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In their single-minded venture of “producing” (shengchan, in their own word) the world’s first gene-edited babies, He Jiankui and his associates have posed numerous and daunting ethical challenges to China and the world. They can be mapped or identified through these four categories:

  • typical problems related to research ethics;
  • broader political, socio-cultural, and transcultural issues;
  • fundamental ethical questions on the use of gene editing in human reproduction itself; and
  • even more fundamental matters on the moral goals of science and technology.

Different levels of ethical issues should be explored in an interconnected and interdisciplinary approach, but it is important to note that ethical soundness on one dimension does not mean moral justification on any other level or dimension.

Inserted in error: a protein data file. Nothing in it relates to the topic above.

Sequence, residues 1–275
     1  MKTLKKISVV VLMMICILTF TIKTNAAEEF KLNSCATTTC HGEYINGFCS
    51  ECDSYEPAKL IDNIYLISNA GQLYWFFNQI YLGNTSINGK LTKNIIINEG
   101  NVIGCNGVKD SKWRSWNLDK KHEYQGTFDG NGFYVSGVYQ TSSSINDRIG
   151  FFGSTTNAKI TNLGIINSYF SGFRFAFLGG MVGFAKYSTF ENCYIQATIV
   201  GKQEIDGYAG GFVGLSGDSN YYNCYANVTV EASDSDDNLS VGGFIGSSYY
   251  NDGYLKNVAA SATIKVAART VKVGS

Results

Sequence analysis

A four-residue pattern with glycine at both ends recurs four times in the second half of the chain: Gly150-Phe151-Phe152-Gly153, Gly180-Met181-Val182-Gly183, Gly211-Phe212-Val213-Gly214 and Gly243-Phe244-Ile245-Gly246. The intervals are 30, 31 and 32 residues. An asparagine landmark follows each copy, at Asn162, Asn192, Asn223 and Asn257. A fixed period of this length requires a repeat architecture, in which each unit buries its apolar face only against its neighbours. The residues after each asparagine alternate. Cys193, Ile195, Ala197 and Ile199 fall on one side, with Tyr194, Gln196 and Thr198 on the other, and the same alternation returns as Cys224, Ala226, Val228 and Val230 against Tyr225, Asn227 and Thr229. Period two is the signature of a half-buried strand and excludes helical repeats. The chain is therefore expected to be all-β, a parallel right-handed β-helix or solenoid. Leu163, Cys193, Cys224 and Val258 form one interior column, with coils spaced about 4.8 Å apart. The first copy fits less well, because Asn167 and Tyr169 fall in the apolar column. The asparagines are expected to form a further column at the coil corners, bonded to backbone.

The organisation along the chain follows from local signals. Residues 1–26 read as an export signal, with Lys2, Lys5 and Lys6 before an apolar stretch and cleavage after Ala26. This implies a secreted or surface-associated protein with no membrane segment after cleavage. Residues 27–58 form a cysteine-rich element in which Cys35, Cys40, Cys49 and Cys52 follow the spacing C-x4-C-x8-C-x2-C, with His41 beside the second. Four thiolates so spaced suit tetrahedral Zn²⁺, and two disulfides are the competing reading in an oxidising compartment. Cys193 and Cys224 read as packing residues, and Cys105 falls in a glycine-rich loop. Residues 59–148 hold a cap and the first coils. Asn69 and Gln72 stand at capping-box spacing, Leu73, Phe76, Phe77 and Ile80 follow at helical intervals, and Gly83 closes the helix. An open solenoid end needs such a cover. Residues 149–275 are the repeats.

Some prominent U.S. scientists, including George Church at Harvard, have offered a defence of He’s human experimentation on two grounds. First, genetically editing humans can be ethically justifiable. Second, the international community and Chinese society are bullying He for having not done “the paperwork right.” Church says he feels “an obligation to be balanced” about He’s case. Some international and Chinese...